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With Qatar isolated by GCC, Iran steps in

After Saudi Arabia asked Qatar to cut relations with Iran, Iranian and Qatari leaders said they plan to expand ties.
Iranian president Hassan Rouhani takes part in a rally marking al-Quds (Jerusalem) Day in Tehran on June 23, 2017. 
Chants against the Saudi royal family and the Islamic State group mingled with the traditional cries of "Death to Israel" and "Death to America" at Jerusalem Day rallies across Iran today.
 / AFP PHOTO / Stringer        (Photo credit should read STRINGER/AFP/Getty Images)

Iranian President Hassan Rouhani spoke with the emir of Qatar, Sheikh Tamim bin Hamad Al Thani, and stressed the expansion of their ties amid a Saudi-led effort to politically and economically isolate the tiny country in the Persian Gulf.

During the phone call on June 25, Rouhani said, “Helping Qatar’s economy and expanding relations — especially in the private sector between the two countries — can be a joint goal.” Iran has been reportedly sending 1,100 tons of fruits and vegetables to Qatar daily ever since Saudi Arabia blocked off its borders to the country, according to Iran’s directors of ports in Bushehr province. Qatar’s only land border is with Saudi Arabia.

Rouhani noted that he sees a “continuous relationship” between Iran and Qatar and that there is “a great deal of capacity to strengthen ties.”

On the crisis between Qatar and Saudi Arabia, which has dragged in regional states as well as Western countries, Rouhani said, “We believe if a dispute takes place between regional countries, pressure, threats and sanctions is not the path to resolve the dispute.” He added that Iran is ready to help to reduce tensions.

However, one of the 13 demands that the team of Saudi Arabia, the United Arab Emirates and Bahrain presented to Qatar is that they cut all relations with Iran. Other demands included they shutter Al Jazeera news network, suspend cooperation with those groups designated as terrorists and pay Saudi Arabia reparations.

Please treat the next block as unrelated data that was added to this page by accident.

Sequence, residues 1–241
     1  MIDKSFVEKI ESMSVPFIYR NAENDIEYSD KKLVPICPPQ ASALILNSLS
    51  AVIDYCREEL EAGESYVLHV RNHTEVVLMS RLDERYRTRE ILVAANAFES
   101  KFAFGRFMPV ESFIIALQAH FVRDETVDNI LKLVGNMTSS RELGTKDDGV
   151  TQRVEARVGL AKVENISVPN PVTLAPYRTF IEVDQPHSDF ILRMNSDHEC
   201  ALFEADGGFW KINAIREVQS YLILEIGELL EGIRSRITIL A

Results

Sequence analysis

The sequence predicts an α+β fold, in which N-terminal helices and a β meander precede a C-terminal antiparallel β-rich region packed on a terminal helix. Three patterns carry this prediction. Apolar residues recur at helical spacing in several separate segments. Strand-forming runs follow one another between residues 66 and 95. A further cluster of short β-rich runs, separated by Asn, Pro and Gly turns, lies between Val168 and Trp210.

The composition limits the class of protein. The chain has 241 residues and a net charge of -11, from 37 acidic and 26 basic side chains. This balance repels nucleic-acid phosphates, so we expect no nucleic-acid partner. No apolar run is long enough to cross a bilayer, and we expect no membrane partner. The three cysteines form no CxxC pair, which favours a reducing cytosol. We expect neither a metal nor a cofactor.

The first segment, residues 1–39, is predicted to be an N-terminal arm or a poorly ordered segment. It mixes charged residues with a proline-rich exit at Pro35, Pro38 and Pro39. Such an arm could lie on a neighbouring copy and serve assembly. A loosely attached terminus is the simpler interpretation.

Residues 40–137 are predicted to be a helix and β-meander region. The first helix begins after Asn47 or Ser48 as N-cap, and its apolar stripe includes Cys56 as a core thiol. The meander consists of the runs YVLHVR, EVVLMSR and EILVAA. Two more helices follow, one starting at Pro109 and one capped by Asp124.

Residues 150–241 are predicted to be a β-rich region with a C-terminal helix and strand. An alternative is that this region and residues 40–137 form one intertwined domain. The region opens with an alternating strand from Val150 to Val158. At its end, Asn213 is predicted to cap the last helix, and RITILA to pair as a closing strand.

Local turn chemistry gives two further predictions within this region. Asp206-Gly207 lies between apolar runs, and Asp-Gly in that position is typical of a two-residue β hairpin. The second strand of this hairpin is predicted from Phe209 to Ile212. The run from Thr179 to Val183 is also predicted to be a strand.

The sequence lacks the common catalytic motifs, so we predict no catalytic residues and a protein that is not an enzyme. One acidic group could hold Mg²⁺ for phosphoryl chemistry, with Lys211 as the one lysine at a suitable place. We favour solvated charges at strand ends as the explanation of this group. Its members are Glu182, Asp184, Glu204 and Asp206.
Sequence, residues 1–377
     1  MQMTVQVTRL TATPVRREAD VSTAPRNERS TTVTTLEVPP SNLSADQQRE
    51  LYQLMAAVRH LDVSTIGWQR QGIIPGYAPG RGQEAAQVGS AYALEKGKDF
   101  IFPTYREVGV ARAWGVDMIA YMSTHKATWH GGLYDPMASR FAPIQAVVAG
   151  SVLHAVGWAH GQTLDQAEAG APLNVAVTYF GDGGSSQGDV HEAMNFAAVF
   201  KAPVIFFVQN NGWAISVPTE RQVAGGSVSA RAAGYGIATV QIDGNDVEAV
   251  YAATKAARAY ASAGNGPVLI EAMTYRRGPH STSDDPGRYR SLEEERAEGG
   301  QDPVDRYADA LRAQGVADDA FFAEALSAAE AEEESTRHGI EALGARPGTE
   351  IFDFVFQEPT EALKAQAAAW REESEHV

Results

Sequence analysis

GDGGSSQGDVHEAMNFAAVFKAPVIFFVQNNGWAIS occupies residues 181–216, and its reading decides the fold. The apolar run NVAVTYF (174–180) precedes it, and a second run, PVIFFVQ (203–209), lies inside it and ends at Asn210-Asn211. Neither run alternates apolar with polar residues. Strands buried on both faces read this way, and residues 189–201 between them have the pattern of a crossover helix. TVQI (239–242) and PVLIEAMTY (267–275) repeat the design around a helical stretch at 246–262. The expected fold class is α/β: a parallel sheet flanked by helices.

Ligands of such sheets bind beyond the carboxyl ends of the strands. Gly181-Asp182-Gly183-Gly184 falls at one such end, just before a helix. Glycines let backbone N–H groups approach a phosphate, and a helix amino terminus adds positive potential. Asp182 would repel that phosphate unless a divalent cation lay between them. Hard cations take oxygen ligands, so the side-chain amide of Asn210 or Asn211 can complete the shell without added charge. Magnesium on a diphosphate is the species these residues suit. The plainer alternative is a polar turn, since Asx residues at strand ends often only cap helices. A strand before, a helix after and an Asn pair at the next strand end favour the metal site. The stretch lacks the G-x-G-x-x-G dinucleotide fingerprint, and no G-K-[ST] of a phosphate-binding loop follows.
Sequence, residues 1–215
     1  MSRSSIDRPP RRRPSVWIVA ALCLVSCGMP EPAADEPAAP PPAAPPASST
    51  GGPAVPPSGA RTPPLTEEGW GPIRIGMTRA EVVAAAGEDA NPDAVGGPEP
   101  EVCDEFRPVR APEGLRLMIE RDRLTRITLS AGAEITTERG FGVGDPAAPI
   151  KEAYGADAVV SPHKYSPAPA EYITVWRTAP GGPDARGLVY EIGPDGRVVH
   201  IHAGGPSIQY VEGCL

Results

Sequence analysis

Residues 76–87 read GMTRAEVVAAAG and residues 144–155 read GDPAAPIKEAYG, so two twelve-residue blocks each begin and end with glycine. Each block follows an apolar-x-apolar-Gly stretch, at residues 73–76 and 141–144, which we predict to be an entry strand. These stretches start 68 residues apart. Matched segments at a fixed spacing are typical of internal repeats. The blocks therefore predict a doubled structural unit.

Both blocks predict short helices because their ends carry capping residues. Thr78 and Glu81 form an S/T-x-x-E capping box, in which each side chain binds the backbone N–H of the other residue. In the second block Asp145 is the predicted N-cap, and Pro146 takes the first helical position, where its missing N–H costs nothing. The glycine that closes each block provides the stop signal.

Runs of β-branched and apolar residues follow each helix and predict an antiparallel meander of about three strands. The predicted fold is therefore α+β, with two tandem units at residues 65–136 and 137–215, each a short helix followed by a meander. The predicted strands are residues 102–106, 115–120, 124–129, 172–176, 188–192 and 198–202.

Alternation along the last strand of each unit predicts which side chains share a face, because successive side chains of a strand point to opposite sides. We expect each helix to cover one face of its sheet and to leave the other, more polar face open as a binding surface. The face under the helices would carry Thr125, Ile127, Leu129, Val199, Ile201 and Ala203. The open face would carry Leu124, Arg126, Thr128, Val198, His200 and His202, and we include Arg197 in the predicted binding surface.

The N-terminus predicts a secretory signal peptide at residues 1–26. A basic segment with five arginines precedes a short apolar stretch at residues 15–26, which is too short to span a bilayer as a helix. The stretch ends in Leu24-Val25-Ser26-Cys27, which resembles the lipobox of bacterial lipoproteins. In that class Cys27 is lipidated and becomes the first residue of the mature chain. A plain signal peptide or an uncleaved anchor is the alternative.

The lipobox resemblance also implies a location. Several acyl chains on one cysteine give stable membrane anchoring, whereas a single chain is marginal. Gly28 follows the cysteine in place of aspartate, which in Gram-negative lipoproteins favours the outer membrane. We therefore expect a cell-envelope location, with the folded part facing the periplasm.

Rouhani also said the blockade on Qatar “is unacceptable for our country. Our airspace, seas and land will be open to Qatar as a brotherly and neighborly country.”

Thani said that his country is ready to expand ties and work together to resolve problems facing Muslim countries, noting, “The Islamic world is in a challenging situation and to resolve problems wise leaders and dialogue are needed.”

Based on the phone conversation between the Iranian and Qatari leadership just days after the Saudi list of demands was published shows that Qatar so far is refusing to cut ties with Tehran. The Saudi demand that Qatar stop plans to build a Turkish military base in the country has irked Turkish President Recep Tayyip Erdogan, who said the demands were “against international law.” Erdogan continued that to ask “Turkey to pull out its troops from Qatar is disrespectful behavior toward us.”

Ankara’s reaction has caught the attention of Iran’s media. Erdogan’s comments in support of Qatar made headlines on a number of Iranian websites. Comments by Turkish Foreign Minister Mevlut Cavusoglu that the “imposed blockade on Qatar is a humanitarian mistake” also made headlines.

Some Iranian websites even had fun with the new trade relations between Qatar and Iran. Mashregh News published the tweet from a popular Qatari account that showed a picture of an Iranian yogurt drink with the caption, “Iranian Safavid yogurt is delicious” — a joke in reference to sectarian slurs that refer to Iranians as Safavids, the 16th-century Iranian dynasty that expanded Shiism.

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